Plasmapheresis or simply plasma exchange is a clinical technique that extracts harmful antibodies from the blood. The patient can then control his movements voluntarily. The drawback of this method is that it is short-term. As soon as the immune system synthesizes new antibodies, they appear in the blood and myasthenia reoccurs.

Lifestyle Changes

There are a few steps that you can take within the bounds of your home to alleviate myasthenia gravis.

Avoid Stress At All Costs

Stress and anxiety change how the body works. Worry and stress retard nerve stimulation and proper transmission. As a result, you feel drained physically, your muscles tense up and myasthenia presents itself in all its might. Most patients learn very quickly that emotional excitement causes their condition to exacerbate. So doctors suggest patients to not worry at all. But stress is an essential part of life. Think about the positive excitement you feel before doing something new for your personal growth. That is a form of good stress. Conclusively, stress can’t be avoided. The goal should not be to rid yourself of stress but to better cope with it.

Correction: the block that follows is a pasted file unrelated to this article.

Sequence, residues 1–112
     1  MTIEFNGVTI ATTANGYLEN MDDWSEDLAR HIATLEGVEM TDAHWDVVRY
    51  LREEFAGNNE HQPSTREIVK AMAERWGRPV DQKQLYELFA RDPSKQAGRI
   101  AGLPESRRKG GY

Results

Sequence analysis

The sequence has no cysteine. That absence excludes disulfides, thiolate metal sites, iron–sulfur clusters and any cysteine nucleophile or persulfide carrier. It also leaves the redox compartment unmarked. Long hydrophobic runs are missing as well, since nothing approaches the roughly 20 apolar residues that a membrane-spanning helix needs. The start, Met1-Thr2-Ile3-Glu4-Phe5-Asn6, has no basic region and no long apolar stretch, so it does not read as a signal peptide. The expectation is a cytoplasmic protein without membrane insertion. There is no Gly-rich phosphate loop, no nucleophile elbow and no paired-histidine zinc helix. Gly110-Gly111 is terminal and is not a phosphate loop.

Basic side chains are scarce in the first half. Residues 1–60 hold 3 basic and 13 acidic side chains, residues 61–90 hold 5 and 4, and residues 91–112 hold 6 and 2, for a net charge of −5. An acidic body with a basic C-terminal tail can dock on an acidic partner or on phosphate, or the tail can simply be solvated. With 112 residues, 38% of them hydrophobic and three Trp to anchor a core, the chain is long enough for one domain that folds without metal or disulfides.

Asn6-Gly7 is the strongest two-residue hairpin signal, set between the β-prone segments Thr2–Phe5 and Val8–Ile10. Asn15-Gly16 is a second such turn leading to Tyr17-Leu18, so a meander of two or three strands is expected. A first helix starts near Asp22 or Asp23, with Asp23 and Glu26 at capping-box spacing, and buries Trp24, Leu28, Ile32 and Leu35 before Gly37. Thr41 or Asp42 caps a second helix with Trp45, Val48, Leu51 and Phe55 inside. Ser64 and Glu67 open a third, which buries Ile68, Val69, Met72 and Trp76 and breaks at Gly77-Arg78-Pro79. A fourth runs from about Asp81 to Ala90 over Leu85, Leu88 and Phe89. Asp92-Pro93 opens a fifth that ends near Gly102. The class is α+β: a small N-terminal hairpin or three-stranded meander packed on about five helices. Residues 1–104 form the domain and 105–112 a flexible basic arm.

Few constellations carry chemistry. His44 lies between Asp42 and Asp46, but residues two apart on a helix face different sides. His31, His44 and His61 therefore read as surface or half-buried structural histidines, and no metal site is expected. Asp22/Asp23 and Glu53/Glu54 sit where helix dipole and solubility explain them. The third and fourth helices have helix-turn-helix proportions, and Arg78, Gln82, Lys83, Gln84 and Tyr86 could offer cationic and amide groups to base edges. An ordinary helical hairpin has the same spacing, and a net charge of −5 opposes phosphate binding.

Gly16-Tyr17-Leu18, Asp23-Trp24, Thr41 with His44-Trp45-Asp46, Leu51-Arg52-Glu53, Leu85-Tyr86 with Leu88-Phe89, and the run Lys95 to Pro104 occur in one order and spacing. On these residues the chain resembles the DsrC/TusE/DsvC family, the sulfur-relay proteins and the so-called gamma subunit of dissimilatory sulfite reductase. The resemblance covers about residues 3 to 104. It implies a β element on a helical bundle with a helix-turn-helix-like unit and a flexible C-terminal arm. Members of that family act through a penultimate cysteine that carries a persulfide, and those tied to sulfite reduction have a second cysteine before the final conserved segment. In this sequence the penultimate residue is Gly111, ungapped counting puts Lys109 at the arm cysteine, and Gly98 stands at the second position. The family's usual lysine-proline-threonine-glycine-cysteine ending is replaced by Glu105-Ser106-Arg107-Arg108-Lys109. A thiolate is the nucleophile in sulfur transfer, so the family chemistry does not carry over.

Wear an eyepatch if necessary

Some MG patients experience double vision. So they should consult their doctors if it is alright to wear an eyepatch. The eyepatch may improve their vision and focus the image on a single point.

Be grateful and invest in your life

Realize that it is okay to feel scared, depressed, anxious and angry at times. All of us do. Focus on what you have and what you can do with that. You don’t have to like myasthenia to be able to live a healthy life. But you have to accept that you have a few limitations. So invest in your self and utilize your resources to live the best life you possibly can. Also, understand that life is a music composition of fabulous highs and unexpected lows. Take it as it comes to you. All you can do is give it your best shot.